I wish I had a prescription or formula, but for now I am simply looking for feedback or consideration of the idea that we are missing part of the picture that forms some of these other ideologies. I know there are too many books out there to read whatever anyone recommends, but this one about moral psychology seems to describe some of the dynamics pretty well. Some earlier publications based on the Moral Foundations Theory are cited (and can be requested) at this link: As a theory, it’s still evolving, but seems to have plenty of good supporting evidence to keep working on.
    Steve, if I could shake your hand I would, and clap you on the back as you keep pushing forward.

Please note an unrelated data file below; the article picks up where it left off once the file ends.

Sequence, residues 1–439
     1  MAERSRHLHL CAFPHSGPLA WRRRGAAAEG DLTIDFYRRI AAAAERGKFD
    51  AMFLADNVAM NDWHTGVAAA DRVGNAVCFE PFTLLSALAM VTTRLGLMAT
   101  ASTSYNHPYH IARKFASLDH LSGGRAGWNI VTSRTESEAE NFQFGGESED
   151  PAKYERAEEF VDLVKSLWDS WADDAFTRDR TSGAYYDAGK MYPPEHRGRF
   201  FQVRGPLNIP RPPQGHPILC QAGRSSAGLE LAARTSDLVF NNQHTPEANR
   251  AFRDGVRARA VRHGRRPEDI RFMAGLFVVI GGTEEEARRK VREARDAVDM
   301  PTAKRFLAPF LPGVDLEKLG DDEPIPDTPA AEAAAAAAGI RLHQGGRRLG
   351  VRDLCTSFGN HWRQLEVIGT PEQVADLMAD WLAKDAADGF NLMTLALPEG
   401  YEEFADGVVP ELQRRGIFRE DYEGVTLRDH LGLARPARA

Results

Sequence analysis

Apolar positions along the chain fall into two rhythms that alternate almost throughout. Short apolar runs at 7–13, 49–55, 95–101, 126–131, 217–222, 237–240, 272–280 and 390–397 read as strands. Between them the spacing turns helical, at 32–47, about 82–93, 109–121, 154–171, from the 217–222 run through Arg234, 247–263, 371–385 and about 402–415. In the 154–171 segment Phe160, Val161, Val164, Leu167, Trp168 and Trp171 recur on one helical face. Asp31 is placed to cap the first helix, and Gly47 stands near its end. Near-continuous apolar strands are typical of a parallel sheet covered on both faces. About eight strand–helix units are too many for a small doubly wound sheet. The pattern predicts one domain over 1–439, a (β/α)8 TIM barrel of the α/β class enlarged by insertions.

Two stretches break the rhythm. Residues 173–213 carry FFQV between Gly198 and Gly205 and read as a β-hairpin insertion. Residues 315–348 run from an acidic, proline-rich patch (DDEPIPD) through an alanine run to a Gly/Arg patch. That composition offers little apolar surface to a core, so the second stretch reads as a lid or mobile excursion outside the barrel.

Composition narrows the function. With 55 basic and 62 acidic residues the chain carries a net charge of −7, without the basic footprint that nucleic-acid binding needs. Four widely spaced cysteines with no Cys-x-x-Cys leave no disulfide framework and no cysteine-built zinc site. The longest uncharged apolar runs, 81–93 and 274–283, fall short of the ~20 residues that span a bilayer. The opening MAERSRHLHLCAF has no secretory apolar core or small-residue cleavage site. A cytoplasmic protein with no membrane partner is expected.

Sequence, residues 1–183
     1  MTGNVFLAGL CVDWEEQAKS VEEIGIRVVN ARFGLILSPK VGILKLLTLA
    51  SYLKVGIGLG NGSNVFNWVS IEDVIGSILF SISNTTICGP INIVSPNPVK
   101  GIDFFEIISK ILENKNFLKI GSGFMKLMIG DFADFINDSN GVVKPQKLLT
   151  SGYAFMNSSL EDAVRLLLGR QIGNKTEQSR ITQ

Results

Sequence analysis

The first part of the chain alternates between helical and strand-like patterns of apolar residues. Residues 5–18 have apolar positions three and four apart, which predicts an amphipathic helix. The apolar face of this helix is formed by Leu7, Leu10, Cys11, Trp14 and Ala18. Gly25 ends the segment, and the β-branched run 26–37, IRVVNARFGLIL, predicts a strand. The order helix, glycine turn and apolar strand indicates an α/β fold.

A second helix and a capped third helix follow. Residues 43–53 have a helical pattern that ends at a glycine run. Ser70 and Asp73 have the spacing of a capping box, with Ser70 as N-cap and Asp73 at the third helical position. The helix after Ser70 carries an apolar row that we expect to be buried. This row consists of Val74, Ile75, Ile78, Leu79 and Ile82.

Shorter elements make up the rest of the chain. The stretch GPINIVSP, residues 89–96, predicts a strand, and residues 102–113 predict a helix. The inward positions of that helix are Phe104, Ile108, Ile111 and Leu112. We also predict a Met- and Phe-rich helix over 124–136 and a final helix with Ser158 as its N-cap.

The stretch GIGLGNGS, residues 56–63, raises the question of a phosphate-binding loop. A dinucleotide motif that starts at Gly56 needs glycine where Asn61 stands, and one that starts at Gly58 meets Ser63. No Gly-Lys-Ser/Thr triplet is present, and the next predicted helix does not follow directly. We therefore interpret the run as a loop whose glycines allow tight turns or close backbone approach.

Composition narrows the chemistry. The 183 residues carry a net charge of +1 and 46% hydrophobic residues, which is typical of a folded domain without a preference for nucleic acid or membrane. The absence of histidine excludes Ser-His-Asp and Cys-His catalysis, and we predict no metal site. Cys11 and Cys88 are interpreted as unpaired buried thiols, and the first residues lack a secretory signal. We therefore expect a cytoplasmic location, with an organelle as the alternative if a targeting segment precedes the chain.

• Ah, Joe, sorry for the misunderstanding! A few months ago, I had encountered a right-wing ideologue using Haidt as the basis for an argument against reason, and I may have leapt to the conclusion that this was a similar argument.

    So, it appears that the agreement I identified in my re-edited comment (re-edited before seeing your latest comment, by the way) as a foundation for conclusions other than the rejection of reason are the basis for shared conclusions as well. Phew! I’m always glad to see reason getting a boost, and it’s absence a rebuke! You’ve turned my “ire” into relief….